Allergies can cost you -- and the price can be more than money, itchy eyes, a runny nose and general discomfort. They can cost you productive hours at work, sunny days outdoors or even a household pet.
But for some, allergies can go beyond the normal range of discomfort, with serious consequences.
They cost Ray Sanders much more than he expected: vision in his left eye.
Sanders, 17, had been troubled by allergic symptoms for the past year. These symptoms escalated until about a month ago, during a trip to the barber, when Ray complained to his mother that he could not see out of his left eye.
"I could feel the pressure over my head, and then I would lose total sight in my left eye," Sanders told ABC13, KTRK, in Houston.
Initially, Sanders' doctors thought he was having vision problems because of a torn retina, since Sanders is heavily involved in athletics. But his mother, Donna Sanders, had a hunch that the problem was something else.
"I said, 'I don't know, I'm not a doctor, I'm just a mother,' but I think he has a sinus infection," Sanders said.
Sanders was diagnosed with allergic fungal sinusitis, a sinus condition that can occasionally have dramatic negative side effects.
"We don't really know the cause of allergic fungal sinusitis," said Ralph Metson, a sinus surgeon at the Massachusetts Eye and Ear Infirmary and a professor at the Harvard Medical School. "It is pretty rare."
A Rare Disease
Although Metson said he sees a few dozen people with the infection each year, it is very uncommon to have dramatic symptoms such as vision loss or a brain infection. Martin Citardi, the doctor at Memorial Hermann-TMC in Houston, who treated Sanders, told KTKR that he has seen only a handful of such cases over the course of his career.
The sinuses are hollow passages to the face and head that drain mucus through pinpoint openings into the nose. If these passages become blocked, mucus builds up, forming the perfect breeding ground for bacteria.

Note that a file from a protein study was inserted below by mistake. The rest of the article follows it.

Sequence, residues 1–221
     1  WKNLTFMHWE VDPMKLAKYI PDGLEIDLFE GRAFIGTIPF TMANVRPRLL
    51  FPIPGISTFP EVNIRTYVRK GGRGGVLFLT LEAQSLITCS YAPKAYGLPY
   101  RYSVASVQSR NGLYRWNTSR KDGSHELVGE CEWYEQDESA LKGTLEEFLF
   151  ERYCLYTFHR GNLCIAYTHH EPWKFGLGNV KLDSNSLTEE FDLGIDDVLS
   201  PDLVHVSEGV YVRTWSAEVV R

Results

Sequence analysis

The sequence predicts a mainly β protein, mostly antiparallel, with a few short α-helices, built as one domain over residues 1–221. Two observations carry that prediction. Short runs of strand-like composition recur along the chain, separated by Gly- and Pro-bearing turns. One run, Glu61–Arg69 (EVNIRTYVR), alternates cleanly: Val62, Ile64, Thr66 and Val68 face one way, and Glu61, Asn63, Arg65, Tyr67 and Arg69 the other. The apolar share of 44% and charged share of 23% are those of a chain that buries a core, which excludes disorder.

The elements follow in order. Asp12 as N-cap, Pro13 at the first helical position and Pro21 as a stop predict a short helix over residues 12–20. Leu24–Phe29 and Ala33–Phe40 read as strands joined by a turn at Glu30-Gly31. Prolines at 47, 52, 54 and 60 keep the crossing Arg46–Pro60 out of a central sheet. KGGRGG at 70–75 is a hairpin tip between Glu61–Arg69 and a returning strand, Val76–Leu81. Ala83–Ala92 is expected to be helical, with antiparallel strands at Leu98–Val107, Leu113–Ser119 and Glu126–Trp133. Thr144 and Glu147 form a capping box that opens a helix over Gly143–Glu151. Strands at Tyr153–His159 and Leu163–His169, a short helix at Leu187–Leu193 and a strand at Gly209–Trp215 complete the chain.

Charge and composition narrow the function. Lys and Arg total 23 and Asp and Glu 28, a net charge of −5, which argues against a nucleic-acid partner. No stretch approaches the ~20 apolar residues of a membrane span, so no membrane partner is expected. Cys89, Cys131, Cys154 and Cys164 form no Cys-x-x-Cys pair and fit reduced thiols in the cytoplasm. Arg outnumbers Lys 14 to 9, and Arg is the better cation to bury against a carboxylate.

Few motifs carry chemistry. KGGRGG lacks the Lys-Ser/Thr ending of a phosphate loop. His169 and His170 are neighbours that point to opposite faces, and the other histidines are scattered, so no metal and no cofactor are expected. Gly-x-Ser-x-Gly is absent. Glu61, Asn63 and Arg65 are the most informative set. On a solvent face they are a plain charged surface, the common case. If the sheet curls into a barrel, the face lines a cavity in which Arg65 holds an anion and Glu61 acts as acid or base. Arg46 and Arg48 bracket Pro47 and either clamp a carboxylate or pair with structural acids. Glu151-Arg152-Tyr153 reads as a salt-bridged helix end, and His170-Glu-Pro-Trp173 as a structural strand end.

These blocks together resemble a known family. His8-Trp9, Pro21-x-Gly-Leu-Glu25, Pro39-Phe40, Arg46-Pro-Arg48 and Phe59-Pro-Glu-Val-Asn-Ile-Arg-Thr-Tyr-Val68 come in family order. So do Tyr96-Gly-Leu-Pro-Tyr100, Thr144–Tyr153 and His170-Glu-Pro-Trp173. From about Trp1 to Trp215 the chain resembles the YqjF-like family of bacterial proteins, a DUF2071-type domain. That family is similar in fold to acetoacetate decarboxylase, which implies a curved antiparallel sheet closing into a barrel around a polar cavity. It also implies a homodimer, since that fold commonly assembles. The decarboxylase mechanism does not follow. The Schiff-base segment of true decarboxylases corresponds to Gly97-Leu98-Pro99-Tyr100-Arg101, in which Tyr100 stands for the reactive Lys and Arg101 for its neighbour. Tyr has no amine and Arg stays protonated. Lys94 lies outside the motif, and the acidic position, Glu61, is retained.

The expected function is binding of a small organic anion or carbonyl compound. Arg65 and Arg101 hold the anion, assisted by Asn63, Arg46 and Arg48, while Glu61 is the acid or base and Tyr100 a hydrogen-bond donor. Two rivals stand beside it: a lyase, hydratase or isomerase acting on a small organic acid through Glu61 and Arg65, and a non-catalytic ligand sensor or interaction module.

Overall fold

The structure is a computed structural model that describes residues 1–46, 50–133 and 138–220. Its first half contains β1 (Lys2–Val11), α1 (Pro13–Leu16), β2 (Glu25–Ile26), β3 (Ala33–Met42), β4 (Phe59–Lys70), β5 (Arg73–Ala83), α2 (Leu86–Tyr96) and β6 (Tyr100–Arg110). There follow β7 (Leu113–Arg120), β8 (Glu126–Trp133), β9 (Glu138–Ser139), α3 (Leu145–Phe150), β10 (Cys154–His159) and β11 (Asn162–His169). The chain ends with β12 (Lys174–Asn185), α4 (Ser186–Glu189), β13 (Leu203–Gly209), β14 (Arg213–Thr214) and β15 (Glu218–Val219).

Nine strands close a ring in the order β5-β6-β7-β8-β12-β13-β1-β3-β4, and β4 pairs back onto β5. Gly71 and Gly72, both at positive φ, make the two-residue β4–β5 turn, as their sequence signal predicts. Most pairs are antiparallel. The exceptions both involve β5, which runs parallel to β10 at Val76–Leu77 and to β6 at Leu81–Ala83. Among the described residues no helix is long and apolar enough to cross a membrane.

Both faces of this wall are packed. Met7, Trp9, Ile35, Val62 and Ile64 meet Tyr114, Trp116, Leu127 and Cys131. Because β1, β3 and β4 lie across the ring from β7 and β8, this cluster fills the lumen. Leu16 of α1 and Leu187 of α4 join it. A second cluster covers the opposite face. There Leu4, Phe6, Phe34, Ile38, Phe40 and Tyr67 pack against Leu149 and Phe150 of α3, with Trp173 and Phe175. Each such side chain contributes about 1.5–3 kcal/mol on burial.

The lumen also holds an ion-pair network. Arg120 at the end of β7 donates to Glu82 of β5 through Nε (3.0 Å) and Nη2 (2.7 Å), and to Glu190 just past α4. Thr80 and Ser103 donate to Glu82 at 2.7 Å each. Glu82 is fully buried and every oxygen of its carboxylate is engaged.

Occasionally, fungi will breed in the built-up mucus instead of bacteria. Allergic fungi can be particularly damaging, eroding the surrounding bone tissue. If the bones that protect the optic nerves are worn down, then the infected mucus can put pressure on those nerves and impair vision.
Bone erosion can occur in the direction of the brain as well, causing brain infections.
But no one knows why some people are more likely to get a fungal infection rather than a bacterial infection, nor is it clear whether the fungus is the cause or the result of the blockage.
And allergies may not have anything to do with allergic fungal sinusitis, Metson said. But nasal and sinus irritation from allergies can leave a person more susceptible to the infection. And Houston is one of the most challenging cities to live in if you have allergies, according to the Asthma and Allergy Foundation of America.
Allergic fungal sinusitis can cause permanent damage if it is not caught in time, and Sanders could have lost the sight in both of his eyes permanently.
On the Ball
Within a week of experiencing vision loss, Sanders underwent surgery to remove the infection, which his mother said had wrapped itself around the optic nerve in his left eye.
"He was scared," Donna Sanders said. "We did a lot of praying."
But the surgery was successful, and the vision in Sanders' left eye today is even better than it was before the infection.
Sanders, who will be a senior at Waltrip High School in the fall, already has seen an improvement in his football skills. Before his surgery, Sanders could run fast and lifted weights to stay in shape. But his football coach, Anthony Zuccarini, said his football catching skills left much to be desired. "He couldn't catch a cold buck naked in a snowstorm," Zuccarini said.
Zuccarini had no doubts that Sanders would have been a starring player well before now had he been playing to his full potential, unthwarted by his allergies.
But Sanders, who now plays as the defensive corner back and receiver for his high school's varsity football team, is well-poised to take on the fall athletic season and and to begin applying to colleges.
"Ray's catching the ball right now like nobody's business," now that his sight and his breathing have improved, Zuccarini said. "I get to put him to work next year."